Have you ever had trouble hearing in a crowded room or restaurant but can hear without any problem at home? Do you have particular challenges hearing higher-pitched voices or TV dialogue?
If yes, you may have hearing loss, and hearing aids may be able to help you.
But how do hearing aids work exactly? Are they basic amplifiers, or something more complex?
This week we’ll be focusing on how hearing aids work and how they are a great deal more advanced than many people realize. But first, let’s start with how normal hearing works.
How Normal Hearing Works
The hearing process begins with sound. Sound is essentially a kind of energy that travels in waves, like ripples in a lake. Things produce sound in the environment when they cause vibrations in the air, and those vibrations are eventually caught and transmitted to the ear canal by the outer ear.
After moving through the ear canal, the sound vibrations strike the eardrum. The eardrum then vibrates, creating and amplifying the original signal which is then transferred by the middle ear bones to the snail-shaped organ of the middle ear known as the cochlea.
The cochlea is full of fluid and small nerve cells known as cilia. The vibrations sent from the middle ear bones shake the fluid and stimulate the cilia. The cilia then conduct electrical signals to the brain and the brain interprets those signals as sound.
With most instances of noise-induced hearing loss, there is injury to the cilia. Consequently, the arriving signal to the brain is weakened and sounds appear quieter or muffled. But not all sound frequencies are uniformly weakened. Usually, the higher-pitched sounds, including speech, are impacted to a greater degree.
In a noisy setting, like a restaurant, your ability to hear speech is weakened because your brain is obtaining a diminished signal for high-frequency sounds. Simultaneously, background noise, which is low-frequency, is getting through normally, drowning out the speech.
How Hearing Aids Can Help
You can see that the solution is not simply amplifying all sound. If you were to do this, you’d just continue drowning out speech as the background noise becomes louder in relation to the speech sounds.
The solution is selective amplification of only the frequencies you have a hard time hearing. And that is only possible by having your hearing professionally examined and your hearing aids professionally programmed to magnify these select frequencies.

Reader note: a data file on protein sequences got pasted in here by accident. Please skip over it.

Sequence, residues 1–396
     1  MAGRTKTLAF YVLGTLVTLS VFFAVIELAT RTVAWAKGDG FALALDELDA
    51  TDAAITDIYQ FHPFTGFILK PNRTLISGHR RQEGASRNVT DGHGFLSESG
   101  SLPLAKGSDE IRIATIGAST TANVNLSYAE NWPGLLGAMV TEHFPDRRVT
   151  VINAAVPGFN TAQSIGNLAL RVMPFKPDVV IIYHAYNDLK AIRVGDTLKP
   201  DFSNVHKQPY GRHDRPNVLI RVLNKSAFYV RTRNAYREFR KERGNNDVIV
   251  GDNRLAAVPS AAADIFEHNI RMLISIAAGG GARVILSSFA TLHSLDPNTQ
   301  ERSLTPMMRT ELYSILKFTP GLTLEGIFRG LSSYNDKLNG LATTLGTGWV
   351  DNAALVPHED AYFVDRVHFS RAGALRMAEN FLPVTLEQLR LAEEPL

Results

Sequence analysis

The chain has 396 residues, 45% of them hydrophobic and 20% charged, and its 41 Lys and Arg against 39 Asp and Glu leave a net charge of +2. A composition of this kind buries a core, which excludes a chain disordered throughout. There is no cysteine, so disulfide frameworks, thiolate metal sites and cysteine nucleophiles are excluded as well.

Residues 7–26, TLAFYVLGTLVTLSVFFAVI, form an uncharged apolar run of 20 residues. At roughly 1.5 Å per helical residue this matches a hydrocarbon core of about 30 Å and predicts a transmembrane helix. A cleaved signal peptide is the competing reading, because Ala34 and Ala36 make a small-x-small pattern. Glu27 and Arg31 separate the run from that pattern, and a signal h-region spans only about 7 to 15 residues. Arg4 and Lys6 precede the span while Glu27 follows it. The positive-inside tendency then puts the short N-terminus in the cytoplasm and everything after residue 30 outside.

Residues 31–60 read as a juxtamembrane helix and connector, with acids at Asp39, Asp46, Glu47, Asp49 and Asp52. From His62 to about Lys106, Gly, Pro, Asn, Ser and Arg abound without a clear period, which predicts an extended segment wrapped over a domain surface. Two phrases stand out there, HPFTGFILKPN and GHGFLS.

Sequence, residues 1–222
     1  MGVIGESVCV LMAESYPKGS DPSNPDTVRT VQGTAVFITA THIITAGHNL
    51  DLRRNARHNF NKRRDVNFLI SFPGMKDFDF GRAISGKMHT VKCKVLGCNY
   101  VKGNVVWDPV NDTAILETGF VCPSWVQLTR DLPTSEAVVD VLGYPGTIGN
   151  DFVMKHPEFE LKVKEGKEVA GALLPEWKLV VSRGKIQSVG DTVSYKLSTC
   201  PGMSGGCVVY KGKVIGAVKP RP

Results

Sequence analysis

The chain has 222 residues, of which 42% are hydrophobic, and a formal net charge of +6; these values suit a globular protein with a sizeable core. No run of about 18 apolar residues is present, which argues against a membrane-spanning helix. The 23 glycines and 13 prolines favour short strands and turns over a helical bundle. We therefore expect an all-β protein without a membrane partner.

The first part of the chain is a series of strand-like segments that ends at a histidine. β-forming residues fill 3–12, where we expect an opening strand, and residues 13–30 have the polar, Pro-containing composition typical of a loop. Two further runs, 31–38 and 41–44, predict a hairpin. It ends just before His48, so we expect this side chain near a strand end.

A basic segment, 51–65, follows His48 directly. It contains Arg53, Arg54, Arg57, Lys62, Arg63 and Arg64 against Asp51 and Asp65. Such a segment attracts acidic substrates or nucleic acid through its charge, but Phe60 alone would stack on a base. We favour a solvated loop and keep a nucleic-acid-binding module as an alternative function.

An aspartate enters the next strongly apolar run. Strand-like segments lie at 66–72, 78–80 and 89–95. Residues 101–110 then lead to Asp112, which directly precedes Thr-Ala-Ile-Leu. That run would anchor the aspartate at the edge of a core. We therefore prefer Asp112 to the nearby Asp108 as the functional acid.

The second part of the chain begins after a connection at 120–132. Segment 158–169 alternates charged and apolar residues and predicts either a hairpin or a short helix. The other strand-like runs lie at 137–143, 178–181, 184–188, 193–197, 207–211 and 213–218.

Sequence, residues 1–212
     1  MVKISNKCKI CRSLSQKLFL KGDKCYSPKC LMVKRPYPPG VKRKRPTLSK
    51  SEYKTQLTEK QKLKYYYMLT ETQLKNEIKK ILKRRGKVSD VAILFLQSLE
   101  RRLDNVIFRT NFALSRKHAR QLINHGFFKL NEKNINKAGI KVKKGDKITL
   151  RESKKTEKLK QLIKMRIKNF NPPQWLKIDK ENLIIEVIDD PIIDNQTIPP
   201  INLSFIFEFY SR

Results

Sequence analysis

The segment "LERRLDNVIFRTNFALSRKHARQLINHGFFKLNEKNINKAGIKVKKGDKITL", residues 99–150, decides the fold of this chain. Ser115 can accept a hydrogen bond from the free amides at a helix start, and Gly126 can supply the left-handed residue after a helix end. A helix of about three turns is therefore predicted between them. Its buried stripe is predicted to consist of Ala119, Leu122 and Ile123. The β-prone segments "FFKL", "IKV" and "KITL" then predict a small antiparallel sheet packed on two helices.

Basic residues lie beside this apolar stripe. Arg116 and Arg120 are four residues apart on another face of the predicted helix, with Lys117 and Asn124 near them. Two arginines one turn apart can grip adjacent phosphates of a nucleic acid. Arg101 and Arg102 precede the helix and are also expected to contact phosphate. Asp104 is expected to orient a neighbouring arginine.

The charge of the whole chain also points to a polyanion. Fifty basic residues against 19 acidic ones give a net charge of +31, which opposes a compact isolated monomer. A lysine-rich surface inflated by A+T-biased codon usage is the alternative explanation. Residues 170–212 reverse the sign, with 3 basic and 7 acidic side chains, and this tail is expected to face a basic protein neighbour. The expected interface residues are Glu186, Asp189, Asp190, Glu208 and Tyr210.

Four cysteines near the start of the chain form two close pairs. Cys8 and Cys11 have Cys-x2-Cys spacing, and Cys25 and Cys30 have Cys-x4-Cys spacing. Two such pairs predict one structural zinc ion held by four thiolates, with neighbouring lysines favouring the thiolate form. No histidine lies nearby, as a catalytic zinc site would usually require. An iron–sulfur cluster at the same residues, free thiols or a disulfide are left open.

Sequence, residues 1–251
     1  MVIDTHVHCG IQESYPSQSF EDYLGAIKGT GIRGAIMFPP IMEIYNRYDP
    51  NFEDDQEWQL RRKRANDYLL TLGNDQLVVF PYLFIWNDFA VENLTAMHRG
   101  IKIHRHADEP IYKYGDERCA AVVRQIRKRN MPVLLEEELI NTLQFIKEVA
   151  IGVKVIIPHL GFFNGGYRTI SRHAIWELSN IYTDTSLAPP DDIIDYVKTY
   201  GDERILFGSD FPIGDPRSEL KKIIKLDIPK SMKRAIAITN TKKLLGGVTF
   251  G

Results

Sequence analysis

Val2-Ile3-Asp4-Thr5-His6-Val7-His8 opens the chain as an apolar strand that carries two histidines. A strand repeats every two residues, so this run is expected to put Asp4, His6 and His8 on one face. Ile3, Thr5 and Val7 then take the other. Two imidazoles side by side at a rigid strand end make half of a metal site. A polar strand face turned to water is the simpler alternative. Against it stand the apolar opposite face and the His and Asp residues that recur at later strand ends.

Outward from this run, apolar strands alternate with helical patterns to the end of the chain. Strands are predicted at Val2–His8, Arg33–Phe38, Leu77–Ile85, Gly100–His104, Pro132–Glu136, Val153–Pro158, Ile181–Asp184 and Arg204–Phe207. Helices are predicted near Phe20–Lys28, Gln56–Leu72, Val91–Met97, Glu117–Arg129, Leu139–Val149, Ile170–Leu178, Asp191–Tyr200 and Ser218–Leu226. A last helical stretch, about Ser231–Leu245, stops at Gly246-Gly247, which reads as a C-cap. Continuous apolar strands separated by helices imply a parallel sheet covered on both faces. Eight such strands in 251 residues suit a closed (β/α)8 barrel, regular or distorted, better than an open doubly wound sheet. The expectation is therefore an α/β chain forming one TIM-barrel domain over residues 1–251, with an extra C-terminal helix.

How Hearing Aids Precisely Amplify Sound
Present day hearing aids contain five interior parts: the microphone, amplifier, speaker, battery, and computer chip. But hearing aids are not just basic amplifiers—they’re intricate electronic devices that modify the properties of sound.
This happens via the computer chip. Everyone’s hearing is distinct, like a fingerprint, and therefore the frequencies you need amplified will vary. The extraordinary part is, those frequencies can be ascertained precisely with a professional hearing test, technically known as an audiogram.
Once your hearing professional has these numbers, your hearing aid can be programmed to amplify the frequencies you have the most trouble with, boosting speech recognition in the process.
Here’s how it works: the hearing aid receives sound in the environment with the microphone and delivers the sound to the computer chip. The computer chip then converts the sound into digital information so that it can distinguish between different frequencies.
Then, dependent on the programmed settings, the high-frequency sounds are enhanced, the low-frequency background sounds are repressed, and the refined sound is presented to your ear via the speaker.
So will your hearing return perfectly to normal?
While your hearing will not completely return to normal, that shouldn’t stop you from attaining substantial gains in your hearing. For virtually all individuals, the amplification offered is all they require to comprehend speech and participate in productive and effortless communication.
Think of it this way. If your eye doctor told you that they could improve your vision from 20/80 to 20/25, would you forgo prescription glasses because you couldn’t get to 20/20? Of course not; you’d be able to function perfectly with 20/25 vision and the improvement from 20/80 would be substantial.
Are you set to find out the improvements you can attain with modern hearing aids? Give us a call today!